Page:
Bananas? Debunking the Myths


Here are three common myths about one of my favorite fruits, bananas - Debunked! 

As an Integrative Oncologist and Physician Nutritionist, I frequently get asked about the role sugar plays in health and diseases like cancer. This is not so often about added sugars in candy or cake since pretty much most people get it that these are not cancer friendly or longevity supportive foods. Instead, they want to know about the sugar found in fruit.

There are very mixed messages in the media and from self-proclaimed so-called "wellness experts" providing information advising against eating bananas that are simply not scientifically sound. I have to set someone straight nearly every week on the myth that eating fruit is unhealthy.

So here are the common myths - Debunked…

Myth #1: a Banana Contains Too Much Sugar - it’s just like eating a candy bar

Your average medium banana contains 14 grams of sugar. Sure this is not a small amount and equal to the amount of sugar in one ounce of dark chocolate. The difference, however, is that a banana's sugar is entirely natural, while the sugar in chocolate is all added sugars.

Bananas contain, on average, 3 grams of fiber, which slows down the absorption of sugar into our blood - in other words lowering its glycemic index. Some of this fiber comes from pectins, which further slows the digestion of carbohydrates, lessening a blood glucose (sugar) spike. If you have been diagnosed with diabetes or have been told that your blood sugar is a little high, you can still enjoy bananas. Also to help further lessen the sugar spike, pair a banana with protein and healthy fat such as a nut or seed butter or yogurt.

Snacking on fruit is very different from eating a candy bar! In addition to the fiber, bananas contain important vitamins and minerals (like potassium, vitamin C and B6) and over 1 gram of protein!

Myth #2: Bananas Are Fattening

At around 100 calories, a banana contains less than half a gram of fat. It is true that when excess sugar is digested and absorbed it can be stored as fat, but if you're eating when you're hungry and not overeating, this will not happen from eating a 100-calorie banana.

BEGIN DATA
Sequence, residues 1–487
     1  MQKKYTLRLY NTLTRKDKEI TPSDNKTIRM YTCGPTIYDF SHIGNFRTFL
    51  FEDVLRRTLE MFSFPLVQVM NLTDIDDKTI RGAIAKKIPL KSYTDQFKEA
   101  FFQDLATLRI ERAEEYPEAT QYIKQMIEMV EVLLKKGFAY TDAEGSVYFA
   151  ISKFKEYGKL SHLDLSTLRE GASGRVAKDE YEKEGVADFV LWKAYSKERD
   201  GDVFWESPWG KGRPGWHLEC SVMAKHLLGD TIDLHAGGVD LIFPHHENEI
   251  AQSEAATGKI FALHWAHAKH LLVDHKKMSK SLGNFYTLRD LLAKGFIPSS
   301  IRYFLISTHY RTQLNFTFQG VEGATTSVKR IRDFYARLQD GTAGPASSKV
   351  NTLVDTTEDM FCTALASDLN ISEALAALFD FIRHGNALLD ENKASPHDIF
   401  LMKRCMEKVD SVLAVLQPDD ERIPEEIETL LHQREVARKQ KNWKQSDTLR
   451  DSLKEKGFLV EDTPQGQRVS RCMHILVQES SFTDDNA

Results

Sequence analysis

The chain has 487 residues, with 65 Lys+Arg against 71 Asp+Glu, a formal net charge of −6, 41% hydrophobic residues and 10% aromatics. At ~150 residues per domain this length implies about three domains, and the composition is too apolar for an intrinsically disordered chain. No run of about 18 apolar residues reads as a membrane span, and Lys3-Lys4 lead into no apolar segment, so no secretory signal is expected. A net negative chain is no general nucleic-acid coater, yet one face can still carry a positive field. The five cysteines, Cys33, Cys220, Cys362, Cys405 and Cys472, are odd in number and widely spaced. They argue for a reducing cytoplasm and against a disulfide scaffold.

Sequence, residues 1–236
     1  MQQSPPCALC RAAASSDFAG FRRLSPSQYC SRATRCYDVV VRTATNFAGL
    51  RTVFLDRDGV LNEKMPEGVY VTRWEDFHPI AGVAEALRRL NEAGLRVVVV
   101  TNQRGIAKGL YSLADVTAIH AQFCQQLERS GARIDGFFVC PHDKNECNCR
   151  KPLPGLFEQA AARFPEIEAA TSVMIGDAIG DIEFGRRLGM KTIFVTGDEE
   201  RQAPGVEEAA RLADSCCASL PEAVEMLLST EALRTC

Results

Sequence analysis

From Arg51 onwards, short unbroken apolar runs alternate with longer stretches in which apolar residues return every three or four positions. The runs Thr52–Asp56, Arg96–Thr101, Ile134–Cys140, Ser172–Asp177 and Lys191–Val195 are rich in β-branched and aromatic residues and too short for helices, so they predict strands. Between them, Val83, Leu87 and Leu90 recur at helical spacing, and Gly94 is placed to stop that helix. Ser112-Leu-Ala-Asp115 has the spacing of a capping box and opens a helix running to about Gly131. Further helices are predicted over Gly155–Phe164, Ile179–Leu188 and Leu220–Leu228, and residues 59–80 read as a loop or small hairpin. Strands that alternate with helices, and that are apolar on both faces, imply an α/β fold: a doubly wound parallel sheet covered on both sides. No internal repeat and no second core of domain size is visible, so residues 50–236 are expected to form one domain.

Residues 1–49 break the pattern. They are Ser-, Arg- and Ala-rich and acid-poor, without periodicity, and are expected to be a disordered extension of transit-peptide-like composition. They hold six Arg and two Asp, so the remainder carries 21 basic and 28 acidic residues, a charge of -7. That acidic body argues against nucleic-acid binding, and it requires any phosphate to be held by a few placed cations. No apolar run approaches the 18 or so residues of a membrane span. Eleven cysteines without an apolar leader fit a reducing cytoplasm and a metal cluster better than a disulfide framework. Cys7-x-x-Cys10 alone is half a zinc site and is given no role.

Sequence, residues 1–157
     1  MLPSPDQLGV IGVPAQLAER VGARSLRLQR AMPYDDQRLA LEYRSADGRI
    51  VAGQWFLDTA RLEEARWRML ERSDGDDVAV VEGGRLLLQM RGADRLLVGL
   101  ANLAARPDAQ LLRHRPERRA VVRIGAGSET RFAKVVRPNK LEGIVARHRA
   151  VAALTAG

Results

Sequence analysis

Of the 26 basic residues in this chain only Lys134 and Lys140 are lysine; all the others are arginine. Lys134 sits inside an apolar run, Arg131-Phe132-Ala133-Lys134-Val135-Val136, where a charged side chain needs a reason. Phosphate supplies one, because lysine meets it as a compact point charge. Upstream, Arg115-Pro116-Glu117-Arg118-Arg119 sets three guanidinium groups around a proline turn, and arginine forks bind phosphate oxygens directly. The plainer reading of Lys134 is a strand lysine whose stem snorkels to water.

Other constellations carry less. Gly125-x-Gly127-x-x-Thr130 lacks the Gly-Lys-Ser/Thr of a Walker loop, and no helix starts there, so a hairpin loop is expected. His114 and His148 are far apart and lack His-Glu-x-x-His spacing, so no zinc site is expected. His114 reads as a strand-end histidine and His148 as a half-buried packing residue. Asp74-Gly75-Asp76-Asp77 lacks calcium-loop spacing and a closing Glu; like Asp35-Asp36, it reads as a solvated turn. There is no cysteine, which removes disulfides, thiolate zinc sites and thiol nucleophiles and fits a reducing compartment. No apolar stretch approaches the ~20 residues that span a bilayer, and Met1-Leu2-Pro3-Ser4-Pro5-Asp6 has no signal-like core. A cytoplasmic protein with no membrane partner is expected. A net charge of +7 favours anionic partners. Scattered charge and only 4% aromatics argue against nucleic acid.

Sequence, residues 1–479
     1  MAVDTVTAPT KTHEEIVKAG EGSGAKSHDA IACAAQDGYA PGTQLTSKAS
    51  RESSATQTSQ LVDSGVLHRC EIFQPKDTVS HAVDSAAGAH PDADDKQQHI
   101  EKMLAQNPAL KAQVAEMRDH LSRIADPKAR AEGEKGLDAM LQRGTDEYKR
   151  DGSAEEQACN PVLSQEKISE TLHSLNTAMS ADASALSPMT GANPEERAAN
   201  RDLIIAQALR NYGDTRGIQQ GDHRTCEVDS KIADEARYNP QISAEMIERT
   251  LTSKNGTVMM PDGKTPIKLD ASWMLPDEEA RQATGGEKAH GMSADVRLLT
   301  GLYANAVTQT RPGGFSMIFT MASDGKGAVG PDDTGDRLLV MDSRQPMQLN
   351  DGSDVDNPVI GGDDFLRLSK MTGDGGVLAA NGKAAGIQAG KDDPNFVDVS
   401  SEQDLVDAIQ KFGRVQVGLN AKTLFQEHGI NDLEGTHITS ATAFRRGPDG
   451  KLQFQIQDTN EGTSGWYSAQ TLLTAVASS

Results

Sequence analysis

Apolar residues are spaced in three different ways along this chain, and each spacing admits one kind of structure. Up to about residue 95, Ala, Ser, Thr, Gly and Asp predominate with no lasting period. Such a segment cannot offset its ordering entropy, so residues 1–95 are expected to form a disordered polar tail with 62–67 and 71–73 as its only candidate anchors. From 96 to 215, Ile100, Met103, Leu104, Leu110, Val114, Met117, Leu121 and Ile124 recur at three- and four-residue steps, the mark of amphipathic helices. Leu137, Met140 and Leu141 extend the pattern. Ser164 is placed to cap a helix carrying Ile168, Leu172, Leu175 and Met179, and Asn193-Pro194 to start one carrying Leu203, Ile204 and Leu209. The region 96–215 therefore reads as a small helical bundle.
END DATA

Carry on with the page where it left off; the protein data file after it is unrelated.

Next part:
Myth #3: Of the fruit to Eat, a Banana Is a Bad Choice

Why bananas get a bad rap in the fruit world is something that I have not been able to figure out. Who started this rumor anyway? Their nutritional stats are pretty similar to many other popular fruits. For instance, like a banana, a medium apple contains around 100 calories and less than 0.5 grams fat. But the apple contains more sugar (19 grams) and less protein (0.5 grams) than a banana. One cup of seedless grapes has 23 grams of sugar, with less fiber and less protein than a banana. In addition, bananas contain:

  • 17 percent daily value of vitamin C - a powerful antioxidant and immune booster.

  • 422 milligrams or 12 percent daily value of potassium - important for the cardiovascular system: lowers blood pressure, reduces the risk of stroke and help reduce the absorption of dietary cholesterol.

  • 22 percent daily value of vitamin B6 - a vital co-factor in the production of the neurotransmitters serotonin and norepinephrine which are important chemicals in our nervous system for modulating cognition, mood, learning, memory, and numerous physiological processes.

Bottom line: Yes, there are fruits that contain less sugar than a banana (such as berries, citrus fruits and melon), but bananas are healthy, portable, inexpensive and highly accessible. Enjoy a banana today. I am in fact eating one while writing this article…

Fabio AlmeidaeZine42, Retreat3